In elementary school a boy I knew told me if you take your index and thumb and make them into a circle and then put your other index between them, that is what sex will feel like. I remember saying aloud well why don't people just do that with their fingers all the time? I had unintentionally stumbled into a joke the older boys understood, but I did not. I remember seeing "The Miracle Of Life" video as a high school freshman and feeling very nearly faint, when the placenta cascaded in what seemed like a cartoonishly ridiculous rush of liquid. Thankfully a kindly older girl noticed my sudden paleness and offered me some of her water. I've met guys both young and older whove told me point blank they think vagina's are gross, as if they were saying the sky was blue or the earth was round. "Its like the skin of a frog" as Sefredi says, "Its moist, and it oozes and secretes, but at least frog's have the decency of bieng green".
As academic as Breillat seems in her approach, there is a cultural sensibility stretching back to ancient times (cuts to images of crucifix on walll after sex scenes) where women are inviting sirens on the outside who have these strange mysterious monsters lurking between their legs, that a man never gets to see until its too late to escape. 2007's "Teeth" dramatized this idea mostly for laughs, but as that movie pointed it, its a myth and pop culture iconography(see "Jennifer's Body", and by "see" I dont mean recommend) present in multiple countries across continents and throughout history.
In The Vagina Monologues there is a scene where a middle aged woman recounts a story of how she began a relationship with a man. When they are about to have sex for the first time, he asks her if he could first just look at her between her legs. She nerviously allowes him, he looks at for a long time, and finally looks up and says something like"your beautiful"; and they had sex and fell in love, etc. Okay, admittedly it sounds less like a cheesy porn when you actually see it performed. In fact, it was one of the few happy monologues in the version of the play I saw. Breillat's story is almost a parody of this scene, with the vagina hating man is converted by days of S&S; sermon and sex.
To use a phrase from Family Guy to describe the actual intercourse between the characters, it is "hilariously brief and unsatisfying", but I believe this too is Breillat's intent. If Sefredi, were having sex with a woman for the first time it would be, despite the great erotic build up leading to it, be sound and furry signifying nothing. Her discussions however cold are more important than his advances, like the tampon Casar cannot feel, it means nothing (not even enough to wake her), unless she wants it to.
Judd Apatow and Sasha Baron Cohen bank on using the penis as a punchline, the proverbial "shock cock" as cash cow, but the closest general audiences will have gotten to a labia is when Lars Von Trier makes Gainsbourg cut her own off in Anti-Christ. Which makes sense with Breillat's view and not only for Gainsborug's character (which it still does) for the audience to get a glimpse of female sex, only on condition that it be followed immediately by punishment (castration), hers and symbolically the audiences.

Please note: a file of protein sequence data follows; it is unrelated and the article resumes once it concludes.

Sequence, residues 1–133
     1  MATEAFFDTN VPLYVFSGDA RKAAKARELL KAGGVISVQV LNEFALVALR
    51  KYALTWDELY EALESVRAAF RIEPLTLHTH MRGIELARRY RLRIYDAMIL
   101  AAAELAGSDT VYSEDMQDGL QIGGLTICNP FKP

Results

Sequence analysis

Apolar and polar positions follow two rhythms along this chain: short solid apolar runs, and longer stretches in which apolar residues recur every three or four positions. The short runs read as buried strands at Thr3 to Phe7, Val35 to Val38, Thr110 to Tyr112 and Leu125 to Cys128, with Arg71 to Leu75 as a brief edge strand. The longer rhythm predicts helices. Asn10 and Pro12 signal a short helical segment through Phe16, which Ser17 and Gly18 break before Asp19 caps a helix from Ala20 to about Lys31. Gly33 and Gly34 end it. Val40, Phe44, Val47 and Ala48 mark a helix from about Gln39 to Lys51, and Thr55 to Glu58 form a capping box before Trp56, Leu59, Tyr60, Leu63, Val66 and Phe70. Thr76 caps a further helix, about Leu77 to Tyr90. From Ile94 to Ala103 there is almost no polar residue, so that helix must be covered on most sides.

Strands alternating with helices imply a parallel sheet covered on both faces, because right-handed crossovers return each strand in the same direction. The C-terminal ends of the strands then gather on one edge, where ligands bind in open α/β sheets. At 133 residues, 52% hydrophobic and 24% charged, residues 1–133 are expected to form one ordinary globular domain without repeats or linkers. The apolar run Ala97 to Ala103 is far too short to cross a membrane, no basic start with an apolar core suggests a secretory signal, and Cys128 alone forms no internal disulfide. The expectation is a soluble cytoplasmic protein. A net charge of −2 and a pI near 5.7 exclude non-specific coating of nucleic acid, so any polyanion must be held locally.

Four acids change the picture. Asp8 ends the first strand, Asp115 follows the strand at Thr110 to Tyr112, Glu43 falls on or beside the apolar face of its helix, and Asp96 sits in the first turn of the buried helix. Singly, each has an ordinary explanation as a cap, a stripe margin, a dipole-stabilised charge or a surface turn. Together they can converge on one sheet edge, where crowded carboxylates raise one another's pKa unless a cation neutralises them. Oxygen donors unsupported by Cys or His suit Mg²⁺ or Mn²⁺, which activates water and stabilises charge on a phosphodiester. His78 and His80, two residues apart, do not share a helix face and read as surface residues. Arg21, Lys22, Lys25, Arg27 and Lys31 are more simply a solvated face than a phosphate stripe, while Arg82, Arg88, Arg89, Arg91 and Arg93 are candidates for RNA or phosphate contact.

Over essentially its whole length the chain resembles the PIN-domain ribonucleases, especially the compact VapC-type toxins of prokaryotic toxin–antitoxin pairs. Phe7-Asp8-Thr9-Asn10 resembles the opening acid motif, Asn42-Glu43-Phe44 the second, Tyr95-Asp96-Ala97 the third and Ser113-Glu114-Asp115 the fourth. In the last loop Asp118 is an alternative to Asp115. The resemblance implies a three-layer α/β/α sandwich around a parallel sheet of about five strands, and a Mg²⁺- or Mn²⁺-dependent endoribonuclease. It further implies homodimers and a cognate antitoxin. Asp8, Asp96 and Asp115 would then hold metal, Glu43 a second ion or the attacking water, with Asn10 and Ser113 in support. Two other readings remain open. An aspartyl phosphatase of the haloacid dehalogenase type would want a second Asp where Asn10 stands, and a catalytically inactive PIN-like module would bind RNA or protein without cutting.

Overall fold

When I went into this movie I thought it would be a drama with some graphic sex, but what it turned out to be is a graphic sex montage with some allegorical discussion and narration floating above it. You simply cant cut out, cut away, or ignore human bodies in this film, and even as you are shocked by something like the tea cup scene, your forced, if it does, to ask why it causes such repulsion and flinching? These characters don't get to the root of the problem, but they do get down to what all the fuss is about.
Maybe in the end Breillat is just rubbing our face in it, but as the opening shot suggested and I joked about, haven't Apatow and Cohen(who are the least offenders, and usually pretty funny) been rubbing our faces in it already. Guys can show their cocks when its all in good straight jest(usually about a homosexual situation; Borat's naked chase), but even a glimpse of a vagina and its universal reproaches of "provacative", "distracting", and "eww gross" in unanimous chorus. Roger Ebert says "There are scenes here where Breillat deliberately disgusts us, not because we are disgusted by the natural life functions of women, as she implies, but simply because The Woman does things that would make any reasonable Man, or Woman, for that matter, throw up." What Breillat responds when asked what she does find disgusting; "When I see Harry Potter flying over France, even though I adored the novels, I'm just horrified at the poverty of imagination with the transposition onto to the screen.".
AOH is a cerebral, detached, abstractly theatircal film, largely recorded in a single bare room, acted between two characters and a series of props. If it is overstated, I think its because its attempting to touch nevers seldom exposed to light. "I think that another filmmaker working like this is David Cronenberg, particularly in his film eXistenZ(1999), in which he was trying to challenge and change the aesthetic codes around the representation of sex. When you look at organic objects, such as sexualised bodies, you are filled with shame and fright. Once you are used to it, there is no shame or fear to experience, so you've changed the aesthetic codes and from that you actually create a new gauge for morality.
Aesthetic is fashion. That is what I want to show, like Cronenberg, and for the same reasons, because Cronenberg said that he made eXistenZ after thinking about the moralism, the aesthetics, and the fear around sexuality, and more than sexuality, just sex. I think that the vision of sex is so awful for puritans because sex belongs to intimacy, and intimacy belongs to the individual, and it is not something that belongs to hell, to the collectived dread. Hell has an anatomy, and it is the woman's body."-Catherine Breillat
Its problem was its stationary anatomical dissection. I deduce simply from the title because I had some effing bad fansubs (Need to rewatch), which means a lot of the dialogue I didn't fully comprehend. But I saw enough to make me decide it's badly put together. The script and ending have no true dedication, the actors are there so that Breillat can just teach audiences with them, as though they were puppets.